When Mitch Winehouse heard about the death of his daughter Amy, the Grammy-award winning singer, his first impulse was to create a foundation in her memory. The 27-year-old was found dead from alcohol poisoning in her Camden home after a night of excessive drinking in July last year.
"That was my immediate thought: a foundation for children and music," says Winehouse, a former London cab driver who gave up his job to look after Amy during her much-publicised battle with drug and alcohol addiction. "It was not even 'my god, my daughter's dead'. That came afterwards."
The Amy Winehouse Foundation, funded mostly by the proceeds from Winehouse's book about his daughter and sales of an album released after her death, has been running for more than a year and is aiming to give £500,000 by the end of 2012 to charities that work with children and young people. It has about £1m in the bank, he says.
The foundation is one of the latest, most high-profile examples of a charity established in memory of someone who has died in tragic circumstances. Another is Help Harry Help Others, set up to continue the fundraising efforts of 11-year-old Harry Moseley, who died from an inoperable tumour last October.
Did Winehouse consider, as the Charity Commission recommends, putting the funds into an existing charity with a similar purpose? He is quick to dismiss the idea and says the foundation "saved his life".
"It was like she was telling me what to do," he says. "In a lot of what we are doing, I feel I'm being guided by Amy. Fifteen months after her passing, she is having an enormous, positive impact on young people - and that makes me feel good."
Two other memorial charity founders who suffered the loss of loved ones have also told Third Sector that they were not tempted to join forces with an existing charity - and that setting up their own charity has given them something positive to focus on.
The advice from the Charity Commission about setting up a charity in someone's memory is on its website. It asks people to think about creating a separate, named fund within an existing charity. "Instead of setting up a new charity, consider offering your services to, or merging or working collaboratively with, an existing charity," it says.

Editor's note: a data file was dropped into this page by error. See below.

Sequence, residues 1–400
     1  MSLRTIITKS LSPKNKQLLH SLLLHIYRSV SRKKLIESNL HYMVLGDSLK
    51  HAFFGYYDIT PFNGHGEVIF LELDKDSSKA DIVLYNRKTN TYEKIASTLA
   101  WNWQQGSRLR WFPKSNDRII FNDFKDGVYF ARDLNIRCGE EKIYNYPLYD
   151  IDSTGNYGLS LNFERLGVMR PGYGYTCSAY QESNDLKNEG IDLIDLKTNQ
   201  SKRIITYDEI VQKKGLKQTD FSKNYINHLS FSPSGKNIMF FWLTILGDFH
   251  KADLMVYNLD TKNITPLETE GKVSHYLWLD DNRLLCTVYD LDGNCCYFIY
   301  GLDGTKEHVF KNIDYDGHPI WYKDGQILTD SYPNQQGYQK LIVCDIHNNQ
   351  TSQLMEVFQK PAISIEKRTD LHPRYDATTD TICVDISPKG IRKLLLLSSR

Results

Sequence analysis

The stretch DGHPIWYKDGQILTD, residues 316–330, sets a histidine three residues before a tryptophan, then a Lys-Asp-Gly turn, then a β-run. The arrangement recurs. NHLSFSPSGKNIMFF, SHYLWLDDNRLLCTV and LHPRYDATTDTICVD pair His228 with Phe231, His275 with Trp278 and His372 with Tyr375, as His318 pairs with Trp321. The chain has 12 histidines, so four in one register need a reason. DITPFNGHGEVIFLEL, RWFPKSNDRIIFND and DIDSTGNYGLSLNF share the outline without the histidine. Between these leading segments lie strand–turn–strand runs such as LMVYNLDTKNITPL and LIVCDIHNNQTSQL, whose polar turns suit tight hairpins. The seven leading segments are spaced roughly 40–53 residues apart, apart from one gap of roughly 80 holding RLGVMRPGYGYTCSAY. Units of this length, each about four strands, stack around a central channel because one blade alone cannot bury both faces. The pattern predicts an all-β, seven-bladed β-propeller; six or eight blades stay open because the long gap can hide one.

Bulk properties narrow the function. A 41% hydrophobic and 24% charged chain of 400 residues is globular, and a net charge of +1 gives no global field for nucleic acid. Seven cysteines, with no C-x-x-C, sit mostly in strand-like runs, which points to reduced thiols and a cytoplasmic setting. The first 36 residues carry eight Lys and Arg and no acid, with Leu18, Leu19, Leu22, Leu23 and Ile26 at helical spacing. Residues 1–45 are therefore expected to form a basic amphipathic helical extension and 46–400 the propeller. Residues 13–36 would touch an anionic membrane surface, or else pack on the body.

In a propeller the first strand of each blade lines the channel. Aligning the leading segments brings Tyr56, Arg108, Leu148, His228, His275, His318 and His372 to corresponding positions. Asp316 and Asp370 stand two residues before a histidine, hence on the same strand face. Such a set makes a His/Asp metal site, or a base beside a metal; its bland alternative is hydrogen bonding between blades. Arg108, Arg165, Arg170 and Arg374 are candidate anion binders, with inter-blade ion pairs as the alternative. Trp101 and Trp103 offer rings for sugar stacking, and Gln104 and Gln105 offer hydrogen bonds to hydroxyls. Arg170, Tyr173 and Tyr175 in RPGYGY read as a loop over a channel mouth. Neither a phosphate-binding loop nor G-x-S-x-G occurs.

One of the most common reasons people call the commission or visit its website is to find out how to set up a charity, a spokeswoman says; they are directed to the web advice about considering other options first. "It is important for people to realise what they are letting themselves in for when they set up a charity," she says. "The responsibility, what we expect of them - we need to make sure people are thinking these things through."
However, those determined to set up memorial charities might never hear or see the advice, unless they actively search it out. If someone first puts in an application containing all the necessary information, the spokeswoman says, the commission is required to register the charity.
Chris Bingley founded the Joanne (Joe) Bingley Memorial Foundation with £10,000 of his own money in 2010, when he was coping with the loss of his wife and being a single father. It gained charitable status in April 2011, a year after his wife committed suicide because of severe postnatal depression shortly after the birth of their daughter.
"It meant that, one year on, there was something positive," he says. "I want to stop what happened to my wife happening to other people, and I want to protect my daughter in the future." Bingley was not offered any advice by the Charity Commission, but he says: "It's not its role to give advice, in a way."
Also in 2010, John Norgrove and his wife, Lorna, set up the Linda Norgrove Foundation in memory of their daughter, a Scottish aid worker who was kidnapped in Afghanistan and killed during a failed rescue attempt. The foundation funds projects that support women in Afghanistan.
Norgrove says he and his wife, who live on the Isle of Lewis in the Outer Hebrides, are "independent minded" and wanted to find their own way rather than donate to an existing charity. He says the foundation has given the couple something to keep them busy and in a positive frame of mind.
"But it has also meant that we've been constantly reminded of Linda's death," he says. "There is no way we regret it, but it is - like everything - not entirely good or bad."
The publicity about their daughter's death generated a lot of support for the charity, which had funds of £336,563 at the end of July. "It starts you off on an artificial footing," says Norgrove.
"But there comes a time when you have to move on and get funding on the basis of what the charity does with the money and whether people can empathise with it."
He is measured about the charity's future, saying: "I bet there is not a charity out there that is not worried about long-term funding. Whether or not we carry on will be a measure of our success."